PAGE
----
That’s not really good argument. You see, thing is in the event of liquidation, liquidator need to quickly sell WBTC, not BTC, as that’s what they get from collateral, and while technically it’s possible to directly redeem WBTC for BTC and vice-versa, even non-custodial, via RenVM, it takes some time, so liquidator need to have a lot of capital and willing to take bigger risks to be able to actually use that strategy. Usually it’s not the case, liquidators turn to go for “quick buck” by selling ASAP, getting their comission and be done with that. It’s not the most efficient, and likely not the most profitable way to do it, but it is how it is now. Thus they commonly sell literally at bottom and use huge gas fees also, sometimes far above any reasonable level (like customer pays, so who cares).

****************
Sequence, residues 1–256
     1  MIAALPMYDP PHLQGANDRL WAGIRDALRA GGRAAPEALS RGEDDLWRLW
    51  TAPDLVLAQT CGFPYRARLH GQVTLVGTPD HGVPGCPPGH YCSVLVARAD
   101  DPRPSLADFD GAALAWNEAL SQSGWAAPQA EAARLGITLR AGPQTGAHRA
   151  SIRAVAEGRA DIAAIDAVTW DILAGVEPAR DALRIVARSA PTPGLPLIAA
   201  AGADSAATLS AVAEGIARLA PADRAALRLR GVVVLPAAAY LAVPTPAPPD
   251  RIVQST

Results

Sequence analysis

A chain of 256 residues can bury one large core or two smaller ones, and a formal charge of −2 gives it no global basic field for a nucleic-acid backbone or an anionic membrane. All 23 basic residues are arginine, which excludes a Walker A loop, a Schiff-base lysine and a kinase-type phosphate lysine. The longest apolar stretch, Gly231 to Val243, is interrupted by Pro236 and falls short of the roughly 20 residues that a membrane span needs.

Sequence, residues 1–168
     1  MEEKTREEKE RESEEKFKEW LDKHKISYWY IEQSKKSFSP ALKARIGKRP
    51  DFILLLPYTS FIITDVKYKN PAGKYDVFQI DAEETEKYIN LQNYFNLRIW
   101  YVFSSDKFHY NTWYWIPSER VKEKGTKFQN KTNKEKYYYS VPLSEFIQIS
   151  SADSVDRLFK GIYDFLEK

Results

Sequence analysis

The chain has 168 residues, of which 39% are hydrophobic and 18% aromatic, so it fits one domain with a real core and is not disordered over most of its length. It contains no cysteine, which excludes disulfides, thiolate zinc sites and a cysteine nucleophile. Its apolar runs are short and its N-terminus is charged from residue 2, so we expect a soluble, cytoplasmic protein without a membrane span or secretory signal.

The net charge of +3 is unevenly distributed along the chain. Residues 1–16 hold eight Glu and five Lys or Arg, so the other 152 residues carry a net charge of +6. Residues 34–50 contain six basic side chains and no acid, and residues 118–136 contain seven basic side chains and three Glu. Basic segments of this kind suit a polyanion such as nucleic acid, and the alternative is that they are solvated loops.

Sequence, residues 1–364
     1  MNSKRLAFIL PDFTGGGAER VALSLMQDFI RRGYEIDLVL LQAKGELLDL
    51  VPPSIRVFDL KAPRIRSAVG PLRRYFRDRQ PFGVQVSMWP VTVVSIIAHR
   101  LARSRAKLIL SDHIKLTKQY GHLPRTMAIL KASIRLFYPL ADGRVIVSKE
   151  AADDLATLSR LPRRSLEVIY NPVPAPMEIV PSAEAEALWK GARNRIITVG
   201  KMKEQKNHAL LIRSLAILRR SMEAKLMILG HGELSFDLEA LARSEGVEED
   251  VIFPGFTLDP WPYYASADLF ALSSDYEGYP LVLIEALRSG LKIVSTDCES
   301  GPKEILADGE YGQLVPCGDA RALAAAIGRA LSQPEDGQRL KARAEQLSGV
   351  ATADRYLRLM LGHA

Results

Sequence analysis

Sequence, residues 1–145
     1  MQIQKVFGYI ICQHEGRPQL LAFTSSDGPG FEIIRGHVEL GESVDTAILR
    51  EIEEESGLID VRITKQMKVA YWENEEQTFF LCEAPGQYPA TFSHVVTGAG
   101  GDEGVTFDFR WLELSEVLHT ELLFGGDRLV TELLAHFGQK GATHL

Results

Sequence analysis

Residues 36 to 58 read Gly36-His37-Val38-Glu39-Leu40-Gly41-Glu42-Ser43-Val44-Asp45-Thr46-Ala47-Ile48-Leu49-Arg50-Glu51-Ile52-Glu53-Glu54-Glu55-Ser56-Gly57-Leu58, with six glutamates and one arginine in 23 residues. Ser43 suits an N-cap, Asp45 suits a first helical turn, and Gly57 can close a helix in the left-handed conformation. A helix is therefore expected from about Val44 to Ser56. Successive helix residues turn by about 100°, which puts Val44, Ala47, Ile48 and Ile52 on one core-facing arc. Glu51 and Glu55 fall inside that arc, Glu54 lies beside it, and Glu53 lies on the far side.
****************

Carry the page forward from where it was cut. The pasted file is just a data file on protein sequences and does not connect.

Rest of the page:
As for comparison with BAT and ZRX: size matters. WBTC dwarfs BAT and ZRX in size, even if you combine BAT and ZRX together and multiply it by 9, you still wouldn’t reach size of WBTC collateral. So it presents much more complicated task at liquidation.
Gauntlet simulation assumes there might be a need for market sell several hundreds of millions of WBTC, and trick here is it shouldn’t push price down that much, so 25% margin, collateral have, would be enough to cover liquidation and fee.
There is good reasoning behind Gauntlet concerns after all, even if we believe that their model isn’t quite accounting for on-chain liquidity.
And i think if they wouldn’t try to push it too much and too fast, it would get much more community support. We all can agree that after all, WBTC liquidity isn’t quite good as ETH. Just for a simple reason that very big chunk of on-chain WBTC is tied to ETH, rather than to stable coin. So there going to be another hop, through ETH to reach stable coins, and ETH would be falling too in simulated conditions.